What emerged from this meeting was Lehrer’s decision to turn to portraiture to represent disabled people. As Lehrer says, “The faces of the Renaissance paintings belong to the wealthy, privileged elite of their time, but the Collective members were my elite.” (p. 246) Her first attempt at these portraits–which would eventually result in her now-famous Circle Stories series–was with Jeff Carpenter. Immediately, Lehrer faced several personal challenges, as painting realistic work was one of her weaknesses as an artist. Yet, she knew that in painting Jeff, “He had to be convincing, or the whole point of doing his portrait – of disability portraiture – would be lost.” (p.252)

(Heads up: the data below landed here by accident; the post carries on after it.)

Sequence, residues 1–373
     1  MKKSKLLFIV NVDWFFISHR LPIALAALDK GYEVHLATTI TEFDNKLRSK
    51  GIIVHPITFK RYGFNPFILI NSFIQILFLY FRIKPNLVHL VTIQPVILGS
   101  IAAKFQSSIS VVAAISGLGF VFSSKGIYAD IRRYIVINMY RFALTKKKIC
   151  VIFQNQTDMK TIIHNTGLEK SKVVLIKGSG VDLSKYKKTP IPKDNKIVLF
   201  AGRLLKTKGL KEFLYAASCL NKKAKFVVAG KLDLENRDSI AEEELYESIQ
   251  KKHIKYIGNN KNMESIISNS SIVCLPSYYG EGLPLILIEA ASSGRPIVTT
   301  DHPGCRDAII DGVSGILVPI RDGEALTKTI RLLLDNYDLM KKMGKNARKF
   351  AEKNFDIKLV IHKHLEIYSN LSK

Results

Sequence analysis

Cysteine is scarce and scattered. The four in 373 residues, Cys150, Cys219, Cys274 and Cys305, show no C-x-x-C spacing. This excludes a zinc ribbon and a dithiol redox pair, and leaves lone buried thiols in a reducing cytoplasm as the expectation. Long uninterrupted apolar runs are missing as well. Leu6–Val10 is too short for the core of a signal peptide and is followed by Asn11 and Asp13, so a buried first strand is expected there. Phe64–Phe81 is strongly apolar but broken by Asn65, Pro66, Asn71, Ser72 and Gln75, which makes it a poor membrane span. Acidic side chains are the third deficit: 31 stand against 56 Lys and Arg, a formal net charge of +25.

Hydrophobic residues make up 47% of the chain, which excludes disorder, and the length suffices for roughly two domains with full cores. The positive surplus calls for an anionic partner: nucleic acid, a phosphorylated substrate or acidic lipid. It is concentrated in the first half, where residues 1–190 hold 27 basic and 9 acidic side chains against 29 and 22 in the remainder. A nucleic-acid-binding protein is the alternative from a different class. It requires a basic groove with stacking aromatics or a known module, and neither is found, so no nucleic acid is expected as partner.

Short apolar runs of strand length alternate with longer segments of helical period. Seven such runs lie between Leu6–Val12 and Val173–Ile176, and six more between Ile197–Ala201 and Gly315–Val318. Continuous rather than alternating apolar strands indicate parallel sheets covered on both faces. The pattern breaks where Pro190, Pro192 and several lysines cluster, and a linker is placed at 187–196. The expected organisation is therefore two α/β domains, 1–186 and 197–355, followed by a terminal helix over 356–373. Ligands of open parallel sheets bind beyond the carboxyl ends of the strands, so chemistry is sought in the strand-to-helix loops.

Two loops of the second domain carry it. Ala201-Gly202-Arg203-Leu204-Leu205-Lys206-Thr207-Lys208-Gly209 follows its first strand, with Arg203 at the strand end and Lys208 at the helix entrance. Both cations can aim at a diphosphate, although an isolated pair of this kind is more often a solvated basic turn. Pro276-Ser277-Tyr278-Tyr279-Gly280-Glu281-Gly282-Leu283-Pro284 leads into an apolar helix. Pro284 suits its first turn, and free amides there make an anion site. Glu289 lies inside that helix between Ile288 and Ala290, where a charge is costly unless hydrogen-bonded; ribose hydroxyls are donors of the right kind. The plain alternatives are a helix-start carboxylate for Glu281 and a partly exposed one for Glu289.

Moreover, disabled people in her group all had a lifetime of being stared at, and she needed to find a way of turning those negative experiences into something affirmative. It was crucial that people were given control over how they were portrayed:
So I started by listening. A portrait begins with days, even months of conversation. We spoke honestly about the relationship between our bodies and our work, after which I’d go home and make thumbnail sketches based on what my subject said. We adjusted the sketches again and again until we agreed on an image. (p.253)
This became Lehrer’s signature technique.